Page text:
During my junior year of high school, my uncle was caught with a fake ID that he used to try and cash his check from work, and was taken by the police. The fact that my uncle was also undocumented meant that after he served his time, he was going to be deported back to his home country of Honduras. During my uncle's sentencing, he had the chance to petition for clemency from the judge. People had the chance to write to the judge to try and persuade, granting my uncle clemency. My aunt asked me to write a letter to the judge on the behalf of my uncle, and so I did. I poured my heart into that letter. To make a long story short, the judge who was presiding my uncle's case was the strictest judge in South Texas. For example, if your minimum sentence for an offense was 15 years, she was going to hand you at the least 15 years and no less than that. It was thought that my uncle was not gonna have a chance, and that he was going to serve his minimum, then get deported. My letter was the only letter that changed this judge's heart. My aunt had told me that the judge had said that because of my letter, she changed her initial judgment of my uncle by reading my letter. She wasn't sure she wanted to read my letter because it was three pages long (single-spaced mind you), but after reading the first paragraph, she had a feeling that she needed to read my letter in its entirety, and she was glad that she finished reading my letter. Through my words, I was able to sway the strictest judge to grant my uncle clemency, and for the first time, this particular judge not only gave my uncle clemency, but also allowed the current time that my uncle had served to be counted as part of the time he needed to serve. This was the highlight of my junior year of high school, adding more reason to become a lawyer. In that same year, I had the most writing, specifically, poems published in my high school's literary magazine.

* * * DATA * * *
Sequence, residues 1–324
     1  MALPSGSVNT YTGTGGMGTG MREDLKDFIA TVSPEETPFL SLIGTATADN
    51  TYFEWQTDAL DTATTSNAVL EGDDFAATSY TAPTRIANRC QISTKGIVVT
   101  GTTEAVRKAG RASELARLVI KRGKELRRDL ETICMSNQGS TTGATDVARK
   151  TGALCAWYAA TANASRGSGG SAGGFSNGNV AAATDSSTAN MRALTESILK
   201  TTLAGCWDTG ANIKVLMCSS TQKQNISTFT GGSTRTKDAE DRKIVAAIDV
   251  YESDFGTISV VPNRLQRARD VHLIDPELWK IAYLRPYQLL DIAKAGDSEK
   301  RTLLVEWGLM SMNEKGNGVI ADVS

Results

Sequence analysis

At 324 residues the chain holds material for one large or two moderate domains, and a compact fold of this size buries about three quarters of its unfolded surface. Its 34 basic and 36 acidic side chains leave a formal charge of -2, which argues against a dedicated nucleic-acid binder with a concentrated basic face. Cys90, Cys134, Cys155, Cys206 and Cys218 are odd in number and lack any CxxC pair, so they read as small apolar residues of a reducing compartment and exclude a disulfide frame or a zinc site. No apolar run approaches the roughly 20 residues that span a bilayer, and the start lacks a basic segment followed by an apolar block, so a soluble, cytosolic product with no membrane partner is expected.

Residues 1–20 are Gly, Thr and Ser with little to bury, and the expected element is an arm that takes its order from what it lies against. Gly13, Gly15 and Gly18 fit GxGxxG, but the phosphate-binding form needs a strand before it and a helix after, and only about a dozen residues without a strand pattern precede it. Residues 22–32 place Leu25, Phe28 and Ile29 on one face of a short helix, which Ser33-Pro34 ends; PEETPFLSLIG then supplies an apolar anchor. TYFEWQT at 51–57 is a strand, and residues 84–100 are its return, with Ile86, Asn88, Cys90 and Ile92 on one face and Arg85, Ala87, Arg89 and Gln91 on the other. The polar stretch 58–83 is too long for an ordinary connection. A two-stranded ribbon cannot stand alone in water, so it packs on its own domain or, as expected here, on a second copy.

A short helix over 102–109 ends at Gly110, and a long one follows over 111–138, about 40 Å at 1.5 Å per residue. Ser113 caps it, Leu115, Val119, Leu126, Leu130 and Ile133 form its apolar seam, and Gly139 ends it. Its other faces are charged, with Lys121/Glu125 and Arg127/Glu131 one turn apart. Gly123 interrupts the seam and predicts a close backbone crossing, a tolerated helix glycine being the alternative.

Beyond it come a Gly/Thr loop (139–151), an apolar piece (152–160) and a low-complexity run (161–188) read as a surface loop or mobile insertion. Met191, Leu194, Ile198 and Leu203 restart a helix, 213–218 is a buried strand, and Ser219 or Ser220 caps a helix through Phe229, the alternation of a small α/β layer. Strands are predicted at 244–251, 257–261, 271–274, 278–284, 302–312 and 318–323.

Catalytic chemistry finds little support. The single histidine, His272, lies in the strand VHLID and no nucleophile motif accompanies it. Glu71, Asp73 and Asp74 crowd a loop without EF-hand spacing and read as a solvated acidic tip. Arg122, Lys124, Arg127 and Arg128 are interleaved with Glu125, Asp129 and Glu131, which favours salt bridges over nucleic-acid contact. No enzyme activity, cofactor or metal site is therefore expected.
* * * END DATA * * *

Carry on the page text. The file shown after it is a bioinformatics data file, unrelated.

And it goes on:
Going into college, I had the mentality of majoring in English and minoring in philosophy because the two go hand-in-hand with a law degree. My next focus was looking for a group of students that were part of a pre-law club at the University of Texas at Austin. I found a coed pre-law fraternity, Phi Alpha Delta, and I attended some of there meetings to get the feel of things. The first few meetings were about the basics, it wouldn't be until halfway in my first semester as a freshman that we would hear talks from known lawyers. I had two English classes and a sort of signature course for the Gateway Scholar Program my freshman year, and I loved them because I wrote a lot in those classes. Sometimes, I was able to write about matters that interested me or I did research that mattered to me for an argument, and other times I wrote boring research papers, nevertheless, I enjoyed writing those papers. The time finally came when I got to hear from actual lawyers and what they loved about their career. This is what I learned: the most paid lawyers are criminal defense lawyers (no shock there), the most stressed out lawyers are civil lawyers, particularly family lawyers, and the lawyers that spoke at the meetings I attended all did it for the money. One lawyer in particular told us that one of his clients admitted that he was guilty for a horrendous crime, but the lawyer was bragging how he got his client off the hook, and made millions from doing so. I was repulsed and downright disgusted with the lawyer. I was now having second thoughts on my career choice of being a lawyer. Around that time, I attended to my signature course for the Gateway Scholar Program that was called, "Race in the Age of Obama" with Professor Leonard Moore. In this particular class discussion, professor Moore picked students from the filled auditorium and asked them what their dream careers were. Then professor Moore turned and faced the rest of his students in the auditorium and asked the following question, "How many of you dream of becoming career A, but are chasing career B"? It surprised me that about 97% of students raised their hands, myself included. Professor Moore went on to say that we were wasting our time for settling with career B, and that if we continued to chase career B, one day we will wake up and hate our job. This was all that I needed to hear, for in that moment, I knew I didn't want to be a lawyer, but rather a writer.